Appendix D

A Summary of WASP Controversy

On 6 April 1943 the Chief of Air Staff, Maj. Gen. George E. Stratemeyer, sent a memorandum to G-1 Division, War Department General Staff, "Women's Pilot Training Program." In this he recommended that as soon as the WAAC was put in the Army by Congress, the new WAC begin to recruit flight officers and commissioned pilots for direct appointment and assignment to the AAF. By covering indorsement, 17 April 1943, N/4'AAC Headquarters concurred and recommended that necessary modifications be made in WAAC Regulations to suit the AAF's specifications.1

AAF WAC leaders later agreed that no especial difficulty would result, since there were only about 800 Wasps, roughly one third of the number of Air WAC recruits the AAF absorbed monthly; and the group would have no special needs, except needs as women, which would be met by the WAC organization, or needs as pilots, which would be met by the regular pilot-training authorities.

In the next two months the AAF reversed its decision. In June 1943, Gen. Henry H. Arnold sent a memorandum to General Marshall, undated, "Incorporation of Women Civilian Pilots and Trainees into AAF." General Arnold opposed putting pilots in the WAC because of the "need for undivided administrative and functional control which would not be possible if the WAAF was serving two masters, i. e., the WAAC and the AAF." A reply from G-1 Division, 20 June 1943, opposed the establishment of a separate Corps of women pilots on the grounds that "We have endeavored to keep the women's organization as simple and flexible as possible," and that it would be wasteful to have two women's corps.2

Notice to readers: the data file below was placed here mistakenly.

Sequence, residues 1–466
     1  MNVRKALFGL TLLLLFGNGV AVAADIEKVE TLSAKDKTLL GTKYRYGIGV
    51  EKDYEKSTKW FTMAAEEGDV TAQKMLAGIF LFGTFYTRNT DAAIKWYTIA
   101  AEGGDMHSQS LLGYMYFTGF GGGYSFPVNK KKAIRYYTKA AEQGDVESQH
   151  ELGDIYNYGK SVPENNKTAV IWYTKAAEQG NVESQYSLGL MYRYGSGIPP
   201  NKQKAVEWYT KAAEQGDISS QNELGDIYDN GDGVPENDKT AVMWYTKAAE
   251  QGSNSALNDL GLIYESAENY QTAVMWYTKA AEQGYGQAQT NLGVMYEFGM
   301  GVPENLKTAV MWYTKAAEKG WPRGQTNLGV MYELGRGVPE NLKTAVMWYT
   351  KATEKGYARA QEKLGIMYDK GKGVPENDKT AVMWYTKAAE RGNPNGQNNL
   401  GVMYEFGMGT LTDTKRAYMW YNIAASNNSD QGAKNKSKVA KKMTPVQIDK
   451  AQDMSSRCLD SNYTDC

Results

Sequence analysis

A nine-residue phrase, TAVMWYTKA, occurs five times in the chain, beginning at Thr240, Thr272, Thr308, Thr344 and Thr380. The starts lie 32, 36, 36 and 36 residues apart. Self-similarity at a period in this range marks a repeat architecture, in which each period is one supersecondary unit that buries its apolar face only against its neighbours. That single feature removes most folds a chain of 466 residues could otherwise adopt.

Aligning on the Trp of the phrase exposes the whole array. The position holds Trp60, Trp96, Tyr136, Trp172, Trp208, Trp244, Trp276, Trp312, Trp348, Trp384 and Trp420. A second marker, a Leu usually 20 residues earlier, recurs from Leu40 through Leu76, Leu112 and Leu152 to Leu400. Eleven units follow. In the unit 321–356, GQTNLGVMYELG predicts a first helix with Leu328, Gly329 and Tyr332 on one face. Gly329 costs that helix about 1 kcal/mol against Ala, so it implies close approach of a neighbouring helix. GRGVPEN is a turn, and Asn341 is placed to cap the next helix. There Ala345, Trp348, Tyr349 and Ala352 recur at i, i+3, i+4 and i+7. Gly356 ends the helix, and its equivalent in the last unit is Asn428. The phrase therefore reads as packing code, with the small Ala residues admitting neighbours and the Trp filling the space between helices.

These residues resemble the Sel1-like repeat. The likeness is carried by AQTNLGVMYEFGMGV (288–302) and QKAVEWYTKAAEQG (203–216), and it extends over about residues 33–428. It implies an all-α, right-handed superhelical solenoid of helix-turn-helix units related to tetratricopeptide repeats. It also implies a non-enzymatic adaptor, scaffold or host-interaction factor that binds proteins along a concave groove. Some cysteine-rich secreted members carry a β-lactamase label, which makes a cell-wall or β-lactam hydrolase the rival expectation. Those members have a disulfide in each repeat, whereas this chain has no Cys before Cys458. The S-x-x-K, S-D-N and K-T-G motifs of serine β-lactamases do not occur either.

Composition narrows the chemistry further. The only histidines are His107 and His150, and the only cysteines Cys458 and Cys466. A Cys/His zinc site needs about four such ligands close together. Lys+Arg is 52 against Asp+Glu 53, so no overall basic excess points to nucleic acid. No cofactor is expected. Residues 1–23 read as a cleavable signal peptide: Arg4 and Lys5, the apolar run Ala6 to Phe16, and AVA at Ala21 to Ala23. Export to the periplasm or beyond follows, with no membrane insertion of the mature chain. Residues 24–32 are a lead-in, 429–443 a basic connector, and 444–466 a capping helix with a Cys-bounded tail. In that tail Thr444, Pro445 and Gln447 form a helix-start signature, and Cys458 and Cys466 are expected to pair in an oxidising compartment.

General Arnold's change of opinion was closely related to the tact that Miss Jacqueline Cochran had been appointed Director of Women Pilots on June 28, and was opposed to enrollment of women pilots in the WAC, preferring a separate corps headed by a female colonel similar to the WAC, WAVES, SPARS, and Marine heads.3 This the War Department steadily opposed, since there were no separate corps for male pilots and all other male Air Corps officers. Nevertheless; on 20 September 1943, a bill was introduced in Congress by Representative John M. Costello to militarize a separate WASP. This ran into trouble because the AAF by this time already had a surplus of pilots. It was defeated in June of 1944, and Congress recommended that the WASP be abolished. Miss Cochran still opposed placing


the group in the WAC, and preferred instead that it be inactivated; which it was, in December 1944.4

Many members of the WASP wrote and carne to Washington to see members of the Air Staff and members of Congress to beg that they be taken into the WAC, assigned to the AAF, and thus given military status, and later veterans' benefits. This matter was presented by the Air WAC Officer to the Air Staff for a policy decision. The decision was made that women pilots would not be commissioned in the WAC. The Commanding General, AAF, felt that in view of Congress' decision such subterfuge would be extremely poor diplomacy in Congressional relations. All inquiries were therefore answered to the: effect that members of the WASP could, if qualified, enlist in the WAC for duty with the AAF, but that they would not be assigned as pilots, or promised flying duty of any sort, or commissioned unless they qualified as other Wacs did through selection by officer candidate boards, or allowed to pilot planes even if they were commissioned.


Page Created August 23 2002


Return to the Table of Contents